One aspect of business that is governed by the Uniform Commercial Code (the “UCC”) is secured transactions involving personal property. A good example of such a transaction is the bank loan the repayment of which is secured by a security interest in inventory, equipment, supplies, work in process, and general intangibles, etc. The UCC defines general intangibles as any personal property other than certain types of personal property such as deposit accounts, investment property, goods, letter of credit rights, letters of credit, and money. The term also includes payment intangibles. A payment intangible means a general intangible under which an account debtor’s principal obligation is a monetary obligation.
Currently, digital assets, including cryptocurrency, are classified as general intangibles under the UCC. However, the current version of the UCC does not adequately address the secured transactions and transfer issues raised by digital assets. Some states have enacted laws to address these issues, but those laws could make the “Uniform” Commercial Code non-uniform. The Uniform Law Commission has approved various amendments to the UCC to address digital assets such as virtual currencies, electronic money, and nonfungible tokens. Some of the amendments would be new provisions and would appear in a new chapter of the UCC, some of the amendments would be made to existing provisions of the UCC. These amendments will be submitted to state legislatures for consideration in 2023.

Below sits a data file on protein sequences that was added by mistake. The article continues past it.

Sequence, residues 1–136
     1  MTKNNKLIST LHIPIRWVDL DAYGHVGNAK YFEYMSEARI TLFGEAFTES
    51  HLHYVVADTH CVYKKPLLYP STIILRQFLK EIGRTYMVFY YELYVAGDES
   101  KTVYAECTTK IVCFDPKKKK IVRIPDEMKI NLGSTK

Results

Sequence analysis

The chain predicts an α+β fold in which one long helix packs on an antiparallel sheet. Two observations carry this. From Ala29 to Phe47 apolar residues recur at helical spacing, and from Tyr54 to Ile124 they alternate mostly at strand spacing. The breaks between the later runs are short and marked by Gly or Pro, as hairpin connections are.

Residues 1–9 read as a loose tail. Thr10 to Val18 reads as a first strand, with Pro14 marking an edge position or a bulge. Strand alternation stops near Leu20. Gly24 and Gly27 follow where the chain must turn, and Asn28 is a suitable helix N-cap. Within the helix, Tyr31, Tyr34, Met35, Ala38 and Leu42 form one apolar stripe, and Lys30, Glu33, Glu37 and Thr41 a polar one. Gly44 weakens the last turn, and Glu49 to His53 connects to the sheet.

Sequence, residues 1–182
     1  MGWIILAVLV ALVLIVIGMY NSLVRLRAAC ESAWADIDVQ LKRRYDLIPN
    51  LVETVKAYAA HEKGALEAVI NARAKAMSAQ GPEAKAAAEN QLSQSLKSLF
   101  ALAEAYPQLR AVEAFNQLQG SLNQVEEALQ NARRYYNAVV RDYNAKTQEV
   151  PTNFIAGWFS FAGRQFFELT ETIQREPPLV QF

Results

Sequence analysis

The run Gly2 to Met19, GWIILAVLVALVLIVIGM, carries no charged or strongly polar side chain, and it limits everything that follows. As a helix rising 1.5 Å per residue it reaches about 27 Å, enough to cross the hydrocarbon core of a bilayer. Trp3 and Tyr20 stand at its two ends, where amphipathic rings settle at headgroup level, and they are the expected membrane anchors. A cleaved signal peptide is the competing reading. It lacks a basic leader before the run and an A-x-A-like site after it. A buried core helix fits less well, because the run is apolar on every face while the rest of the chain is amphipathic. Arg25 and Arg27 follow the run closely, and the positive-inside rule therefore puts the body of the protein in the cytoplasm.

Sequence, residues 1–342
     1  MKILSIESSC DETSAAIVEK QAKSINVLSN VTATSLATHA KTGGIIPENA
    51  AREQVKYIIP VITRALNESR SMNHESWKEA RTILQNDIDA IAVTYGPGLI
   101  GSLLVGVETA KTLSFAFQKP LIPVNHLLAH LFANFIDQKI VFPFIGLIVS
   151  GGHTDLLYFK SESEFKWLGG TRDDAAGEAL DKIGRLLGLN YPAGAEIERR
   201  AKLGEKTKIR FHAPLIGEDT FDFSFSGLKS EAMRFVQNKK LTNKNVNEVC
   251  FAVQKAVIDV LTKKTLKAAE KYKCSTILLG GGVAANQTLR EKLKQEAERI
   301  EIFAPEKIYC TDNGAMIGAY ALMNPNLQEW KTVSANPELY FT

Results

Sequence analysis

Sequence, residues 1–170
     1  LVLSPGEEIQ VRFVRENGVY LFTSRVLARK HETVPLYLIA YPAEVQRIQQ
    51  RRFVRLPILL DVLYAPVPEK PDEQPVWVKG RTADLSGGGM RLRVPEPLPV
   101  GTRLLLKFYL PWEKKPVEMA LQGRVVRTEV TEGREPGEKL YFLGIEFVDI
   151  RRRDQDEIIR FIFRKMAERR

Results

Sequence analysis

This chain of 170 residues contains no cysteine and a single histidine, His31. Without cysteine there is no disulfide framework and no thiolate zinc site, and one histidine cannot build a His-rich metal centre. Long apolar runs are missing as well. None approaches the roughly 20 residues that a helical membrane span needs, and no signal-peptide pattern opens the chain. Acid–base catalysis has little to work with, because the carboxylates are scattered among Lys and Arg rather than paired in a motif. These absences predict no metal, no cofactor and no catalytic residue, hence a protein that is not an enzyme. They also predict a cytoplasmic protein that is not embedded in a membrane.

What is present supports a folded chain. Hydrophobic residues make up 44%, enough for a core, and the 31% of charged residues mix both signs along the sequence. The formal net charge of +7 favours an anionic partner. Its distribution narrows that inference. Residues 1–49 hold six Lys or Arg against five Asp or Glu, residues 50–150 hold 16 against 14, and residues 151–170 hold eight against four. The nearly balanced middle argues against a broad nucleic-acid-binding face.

If you need assistance with business matters, contact Per Oscarsson or one of the other attorneys in Beresford Booth’s Business and Real Estate Group at firstname.lastname@example.org or by phone at (425) 776-4100.